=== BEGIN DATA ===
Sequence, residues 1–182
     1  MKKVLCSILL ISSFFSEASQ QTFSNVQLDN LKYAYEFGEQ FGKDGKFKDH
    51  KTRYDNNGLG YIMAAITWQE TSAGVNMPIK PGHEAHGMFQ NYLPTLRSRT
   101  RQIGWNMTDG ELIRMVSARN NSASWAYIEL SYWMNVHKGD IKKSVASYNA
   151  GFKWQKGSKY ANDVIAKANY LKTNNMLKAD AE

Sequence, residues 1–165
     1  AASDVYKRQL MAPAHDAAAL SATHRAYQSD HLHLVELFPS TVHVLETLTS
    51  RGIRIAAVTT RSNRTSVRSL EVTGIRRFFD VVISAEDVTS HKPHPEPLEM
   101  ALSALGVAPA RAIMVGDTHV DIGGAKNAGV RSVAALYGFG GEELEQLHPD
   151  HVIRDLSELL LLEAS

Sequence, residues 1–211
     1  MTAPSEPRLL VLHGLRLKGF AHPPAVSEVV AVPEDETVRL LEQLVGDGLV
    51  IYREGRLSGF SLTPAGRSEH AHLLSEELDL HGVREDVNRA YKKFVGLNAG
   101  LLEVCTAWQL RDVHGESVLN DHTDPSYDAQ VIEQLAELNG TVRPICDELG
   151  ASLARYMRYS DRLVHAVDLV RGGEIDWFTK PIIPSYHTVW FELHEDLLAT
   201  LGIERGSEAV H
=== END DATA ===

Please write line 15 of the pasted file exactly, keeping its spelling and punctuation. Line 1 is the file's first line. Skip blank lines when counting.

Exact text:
   151  ASLARYMRYS DRLVHAVDLV RGGEIDWFTK PIIPSYHTVW FELHEDLLAT